In yesterday’s Washington Post, Fred Hiatt makes the case that the UN is at fault for suffering in Darfur and Myanmar.
Yes, that’s Darfur, where the UN Department of Peacekeeping Operations has been begging and pleading with member states to contribute essential equipment, weapons and supplies (much has been made of a critical helicopter shortage, but right now it seems that water is just as much a limiting factor), and Myanmar, where the UN is the only actor that has actually been able to provide substantial aid.
Despite the difficulties, UN agencies report that they have been active on the ground. The UN Children’s Fund (UNICEF) says it has begun setting up “child-friendly spaces” in camps where people are sheltering, to ensure that children receive care and protection. The United Nations Development Programme (UNDP) is using boats and vehicles to provide immediate assistance to people in 19 locations in the affected area. The World Food Programme (WFP) has reached 27,000 people in the Irrawaddy delta with crucial food supplies and the World Health Organization (WHO) has deployed experts to support Government relief efforts and to supply emergency health kits.
Granted, much more is needed, but UN personnel are making a difference on the ground in a way no one else has.
Also troubling is Hiatt’s apparent misunderstanding of the emerging Responsibility to Protect norm. A bit of background: R2P was adopted at the 2006 World Summit. It’s a complex concept and that boils down to two core principles. First, governments have a responsibility to protect their own people from grave crises. Second, the international community has a responsibility to protect populations that have been neglected or abused by their governments.
Unfortunately, Hiatt (like some others), seems to equate this principle with an international obligation to trample over the sovereignty of Myanmar in one fell swoop. It would be a disaster if R2P were first operationalized in the form of a hastily arranged military intervention in Myanmar, both for the Burmese people, for whom such an intervention could just as easily exacerbate the crisis as bring relief, and for the promise of the R2P concept, which actually outlines out a set of diplomatic and humanitarian options that are intended to avert a military showdown and preserve national sovereignty. For R2P to really grow in importance in a positive way, military intervention must be a last resort. Ivo Daalder and Paul Stares get R2P right, when they prescribe more diplomatic pressure and potential air drops of relief supplies. And while Michael O’Hanlon doesn’t explicitly reference R2P, he makes a smart call for a “Chapter 6 and a half” resolution under the Charter.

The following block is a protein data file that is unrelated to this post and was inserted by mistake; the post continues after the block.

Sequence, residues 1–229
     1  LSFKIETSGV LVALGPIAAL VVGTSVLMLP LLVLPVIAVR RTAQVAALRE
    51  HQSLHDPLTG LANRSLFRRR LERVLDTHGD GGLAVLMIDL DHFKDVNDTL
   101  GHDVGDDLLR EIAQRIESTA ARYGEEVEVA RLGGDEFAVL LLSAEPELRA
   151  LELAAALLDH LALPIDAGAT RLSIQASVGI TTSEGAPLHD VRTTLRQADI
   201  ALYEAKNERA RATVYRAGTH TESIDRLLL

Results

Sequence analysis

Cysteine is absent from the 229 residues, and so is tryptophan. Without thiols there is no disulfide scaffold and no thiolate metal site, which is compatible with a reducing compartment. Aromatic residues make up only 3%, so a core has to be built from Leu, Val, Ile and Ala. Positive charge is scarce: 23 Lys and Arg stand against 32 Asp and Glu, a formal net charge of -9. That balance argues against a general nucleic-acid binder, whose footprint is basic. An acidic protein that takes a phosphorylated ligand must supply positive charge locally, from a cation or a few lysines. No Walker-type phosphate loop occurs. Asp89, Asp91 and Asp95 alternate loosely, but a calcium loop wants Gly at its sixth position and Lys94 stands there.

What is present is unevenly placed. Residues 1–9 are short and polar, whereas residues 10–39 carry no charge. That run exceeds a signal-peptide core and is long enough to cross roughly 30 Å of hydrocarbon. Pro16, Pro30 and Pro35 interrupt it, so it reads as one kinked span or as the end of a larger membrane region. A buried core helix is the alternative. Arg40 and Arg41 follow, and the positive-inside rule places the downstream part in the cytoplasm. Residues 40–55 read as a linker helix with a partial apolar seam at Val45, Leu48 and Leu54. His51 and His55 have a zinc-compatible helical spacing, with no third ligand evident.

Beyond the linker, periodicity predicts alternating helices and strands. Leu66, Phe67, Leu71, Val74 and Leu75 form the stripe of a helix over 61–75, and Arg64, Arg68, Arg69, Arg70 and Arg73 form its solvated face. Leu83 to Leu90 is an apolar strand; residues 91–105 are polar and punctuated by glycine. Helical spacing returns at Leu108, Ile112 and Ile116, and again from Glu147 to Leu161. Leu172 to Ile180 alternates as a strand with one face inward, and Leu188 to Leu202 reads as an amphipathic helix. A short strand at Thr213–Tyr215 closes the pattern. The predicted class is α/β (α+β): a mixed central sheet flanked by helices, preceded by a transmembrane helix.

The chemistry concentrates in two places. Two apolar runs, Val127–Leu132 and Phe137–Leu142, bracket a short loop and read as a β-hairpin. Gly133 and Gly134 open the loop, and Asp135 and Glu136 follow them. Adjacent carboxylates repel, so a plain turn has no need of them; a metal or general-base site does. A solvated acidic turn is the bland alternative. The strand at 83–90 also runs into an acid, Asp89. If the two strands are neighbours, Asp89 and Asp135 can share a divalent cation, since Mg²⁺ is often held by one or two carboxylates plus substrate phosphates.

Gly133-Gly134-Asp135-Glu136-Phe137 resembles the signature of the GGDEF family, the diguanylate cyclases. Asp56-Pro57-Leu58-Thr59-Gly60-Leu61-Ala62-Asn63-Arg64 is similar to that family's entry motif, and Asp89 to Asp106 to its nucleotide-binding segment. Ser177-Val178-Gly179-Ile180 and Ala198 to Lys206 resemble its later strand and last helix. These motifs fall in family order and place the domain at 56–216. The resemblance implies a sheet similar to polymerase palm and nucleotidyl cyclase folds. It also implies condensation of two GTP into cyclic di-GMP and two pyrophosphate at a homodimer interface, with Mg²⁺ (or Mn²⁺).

Ironically, many of the folks clamoring for the UN to brush aside the regimes in Khartoum and Naypyidaw are also convinced that the UN poses a threat to U.S. national sovereignty. And so many people lamenting the slow deployment and other imitations of UN peacekeeping aren’t outraged by (and often support) our policy of chronically underfunding missions that we authorize in the Security Council.
Any international response needs to be strong, but measured. And once we choose our course, we had better be prepared to pony up — financially and diplomatically — to make sure the job gets done right.
— Scott Paul